Errr... that's a tad backwards I think. Home users have no relevance to the enterprise; to the contrary, they are historically driven BY the enterprise. You may have omitted the decade+ time where there WERE no "home users". We did not adopt PCs because "Sally the Secretary" had one at home.
Windows made it into the enterprise simply because of legacy DOS applications. DOS was somewhat simple to write software on. And the PC was somewhat simple to build hardware for.
Contrast that with a Mac. To write a business app required everything you'd do on a PC, and then... 300 hours f*ing with font colors. For an accounting package. Or inventory. Or... yeah, I'll take my DBase or Foxbase in DOS, please. Spend six hours of your life f*ing around with making an 80column print job line up. Now we get to repeat that on screen? And it really did come down to that. There was no OO, everything was top-down, and mice were for pussies.
Windows, more than a GUI, was an API to make it cheaper to write software.
"Visual Basic", all that junk was an effort to make it cheaper to write software.
Because in the beginning, there wasn't any. *Everything* was vertical. Even .jpeg decoding had to be written, yourself.
The strategy was a cornerstone of the "Application Barrier to Entry". If you don't know that phrase, you are missing the basis of MS anti-trust. .NET is just a continued tactic for chasing the 1000 Monkey Coding Model, which makes it cheaper to write software... put 10,000 monkeys on a keyboard and you'll get Hamlet? Put 1,000 monkeys in VS.NET and you'll get working code. THAT is today's strategy behind how MS stays in the enterprise.
Some home users picked up PCs at home due to familiarity, but most home buys were for "that's where the software is", and also "jackass website requires IE". Or "AOL sux on mac". Or, "game requires PC". There weren't too many copies of Wolf3d running on a Mac as I recall. And OS2 was stillborn.
It is funny how such things evolve. Windows is entrenched in SKorea due to an e-commerce law; when SSL was new, the SK Govt passed a law requiring a specific form of encryption be used for all e-commerce traffic. The only accepted implementation ever made was an ActiveX control. Can you guess why ActiveX was the chosen tactic? It was cheapest to develop that way. Cheap!! The very reason the ActiveX model was invented, and exposed to the browser. And Excel. And Word. And Outlook. And any other application that cared to use it. Hopefully one of our SK readers will chime in with how that situation has evolved over time, since then. But it all started with cost to develop; users were never even considered. Every website out there had to push that control, and every user wanting online commerce had to run IE. Period. The enterprise drove home buys there, for sure.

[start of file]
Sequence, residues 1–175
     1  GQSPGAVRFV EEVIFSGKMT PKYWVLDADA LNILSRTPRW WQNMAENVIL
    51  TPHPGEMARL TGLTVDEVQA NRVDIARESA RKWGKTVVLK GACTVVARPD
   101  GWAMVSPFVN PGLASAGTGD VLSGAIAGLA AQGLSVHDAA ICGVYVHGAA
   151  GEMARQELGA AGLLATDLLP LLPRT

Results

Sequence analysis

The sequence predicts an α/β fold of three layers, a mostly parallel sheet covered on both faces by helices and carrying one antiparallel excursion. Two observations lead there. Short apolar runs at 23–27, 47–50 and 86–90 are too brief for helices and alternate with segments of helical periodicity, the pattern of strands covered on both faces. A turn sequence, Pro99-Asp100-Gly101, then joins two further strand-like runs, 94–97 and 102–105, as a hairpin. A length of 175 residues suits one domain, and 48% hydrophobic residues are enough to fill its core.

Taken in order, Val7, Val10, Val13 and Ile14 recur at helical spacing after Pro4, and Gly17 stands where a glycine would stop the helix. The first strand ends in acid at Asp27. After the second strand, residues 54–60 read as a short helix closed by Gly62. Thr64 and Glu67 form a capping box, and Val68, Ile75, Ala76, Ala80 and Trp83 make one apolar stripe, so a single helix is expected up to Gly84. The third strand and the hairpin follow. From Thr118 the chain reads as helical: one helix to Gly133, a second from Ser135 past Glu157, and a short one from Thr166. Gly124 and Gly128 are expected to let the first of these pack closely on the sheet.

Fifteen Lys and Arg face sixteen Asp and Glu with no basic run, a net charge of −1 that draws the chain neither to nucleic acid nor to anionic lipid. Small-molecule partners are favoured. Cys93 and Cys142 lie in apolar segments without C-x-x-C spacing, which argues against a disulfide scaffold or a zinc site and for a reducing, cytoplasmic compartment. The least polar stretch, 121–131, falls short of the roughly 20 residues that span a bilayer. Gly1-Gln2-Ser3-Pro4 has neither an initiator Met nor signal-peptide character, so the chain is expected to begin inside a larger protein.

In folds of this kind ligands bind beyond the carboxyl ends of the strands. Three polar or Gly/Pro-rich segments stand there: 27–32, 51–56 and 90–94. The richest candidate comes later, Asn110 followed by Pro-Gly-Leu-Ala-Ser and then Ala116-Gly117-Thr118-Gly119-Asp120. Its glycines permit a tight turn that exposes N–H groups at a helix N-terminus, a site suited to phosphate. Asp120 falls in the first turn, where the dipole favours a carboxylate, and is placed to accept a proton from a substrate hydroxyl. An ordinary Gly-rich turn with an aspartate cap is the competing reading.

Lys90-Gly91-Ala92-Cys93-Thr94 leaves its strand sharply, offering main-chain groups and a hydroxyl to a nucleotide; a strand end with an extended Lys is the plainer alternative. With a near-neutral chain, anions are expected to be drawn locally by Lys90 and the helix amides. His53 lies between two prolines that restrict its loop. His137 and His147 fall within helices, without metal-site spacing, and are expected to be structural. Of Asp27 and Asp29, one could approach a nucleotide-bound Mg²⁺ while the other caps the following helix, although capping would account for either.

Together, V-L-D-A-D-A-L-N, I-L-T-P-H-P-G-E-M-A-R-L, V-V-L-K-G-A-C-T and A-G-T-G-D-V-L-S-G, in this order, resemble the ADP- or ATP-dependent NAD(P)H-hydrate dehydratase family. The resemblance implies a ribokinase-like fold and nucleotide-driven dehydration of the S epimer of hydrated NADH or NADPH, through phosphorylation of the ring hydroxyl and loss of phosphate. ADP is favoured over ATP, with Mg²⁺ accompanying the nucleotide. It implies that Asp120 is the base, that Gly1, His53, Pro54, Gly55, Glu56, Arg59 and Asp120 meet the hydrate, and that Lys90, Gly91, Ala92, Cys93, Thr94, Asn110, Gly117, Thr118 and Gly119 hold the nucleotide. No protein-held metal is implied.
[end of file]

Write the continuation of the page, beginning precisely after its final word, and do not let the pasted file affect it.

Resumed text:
You do hit the nail on the head later on regarding any-device stuff. Windows 8 is just the continuation of the 1000 monkey model, and it is likely a response to Oracle. With targets of desktop, mobile, and server... you get to pick what you'll develop in, and that dictates your cost. You can use Java, and have one codebase, one skillset, and one dev team handle it all. You can go Apple, and have a codebase for IOS, another for MacOS, another for your (linux?) server that has nothing to do with the other two, and... yeah, skillset requirements all over, and probably 3 teams that need to talk really well, and a project manager from hell. Or, you can do it with one team using .NET, single project, same skillset, and even the same GUI concept between desktop, mobile, and server-side widget crap.
If you consider some fictitious company the scope of Fedex, rolling a from-scratch solution for every form-factor that they CAN use in the office, warehouse, loading bay, airplane, truck, and wrist - your options are Oracle... or .NET. Those really are the two choices that don't implicitly involve separate trainwrecked codebase, skillsets, and teams. And with Win8... the salespoint is obvious: potentially the lowest skillset needed over the entire lifecycle, and everything now has a standard GUI, kind of like how Google just made Android have at least one standard theme. From that perspective, you can see how Win8's horrible UI was kind of required to happen. Presuming that MSFT is shooting to keep .NET the best value for "write once run anywhere... if it supports .NET".
Will it matter? I cannot say. Up til the past few years, the enterprise drove the PC market. When you heard about the Saudi Aramco hack a few months back, did you catch the fact that they have 40,000 PCs in their production? Legacy today, certainly. But *how did they get there*. It wasn't home users. Those desktops were dictated by the vertical stack, and that was dictated by cost to create. One decision, resulting in purchase of 40,000 machines. In just one single shop. Next, repeat for National Grid. ConEd. PacBell. Verizon. These days, the enterprise probably doesn't drive the PC market anymore. But that just threatens the enterprise devs with higher costs to deal with fragmentation. And that's why MSFT force-fed that stupid Win8 GUI.